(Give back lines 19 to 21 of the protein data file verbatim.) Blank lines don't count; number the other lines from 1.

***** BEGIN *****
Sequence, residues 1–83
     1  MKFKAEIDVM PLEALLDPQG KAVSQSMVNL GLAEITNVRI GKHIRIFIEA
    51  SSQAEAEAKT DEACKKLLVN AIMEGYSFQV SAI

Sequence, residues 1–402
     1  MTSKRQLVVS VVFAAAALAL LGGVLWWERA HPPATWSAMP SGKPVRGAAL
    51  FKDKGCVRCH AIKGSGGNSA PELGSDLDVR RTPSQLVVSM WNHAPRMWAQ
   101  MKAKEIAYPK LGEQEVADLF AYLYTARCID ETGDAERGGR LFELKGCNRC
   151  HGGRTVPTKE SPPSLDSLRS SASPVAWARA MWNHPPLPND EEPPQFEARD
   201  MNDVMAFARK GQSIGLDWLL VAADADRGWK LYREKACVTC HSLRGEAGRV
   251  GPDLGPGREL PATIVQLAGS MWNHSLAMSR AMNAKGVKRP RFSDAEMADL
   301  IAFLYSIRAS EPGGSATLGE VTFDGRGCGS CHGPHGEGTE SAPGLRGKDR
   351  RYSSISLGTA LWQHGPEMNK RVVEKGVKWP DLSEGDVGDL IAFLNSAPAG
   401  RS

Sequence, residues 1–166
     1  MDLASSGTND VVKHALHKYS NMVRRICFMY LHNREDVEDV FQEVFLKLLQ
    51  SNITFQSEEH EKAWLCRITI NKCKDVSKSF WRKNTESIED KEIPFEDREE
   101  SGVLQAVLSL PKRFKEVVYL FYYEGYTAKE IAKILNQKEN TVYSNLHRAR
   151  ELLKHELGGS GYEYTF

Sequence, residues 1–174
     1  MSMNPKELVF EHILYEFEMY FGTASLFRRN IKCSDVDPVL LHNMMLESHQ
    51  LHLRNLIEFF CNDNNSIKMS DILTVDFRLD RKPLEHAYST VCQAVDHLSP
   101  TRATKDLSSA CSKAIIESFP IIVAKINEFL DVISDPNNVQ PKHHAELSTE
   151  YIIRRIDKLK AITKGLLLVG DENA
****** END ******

Sequence, residues 1–174
     1  MSMNPKELVF EHILYEFEMY FGTASLFRRN IKCSDVDPVL LHNMMLESHQ
    51  LHLRNLIEFF CNDNNSIKMS DILTVDFRLD RKPLEHAYST VCQAVDHLSP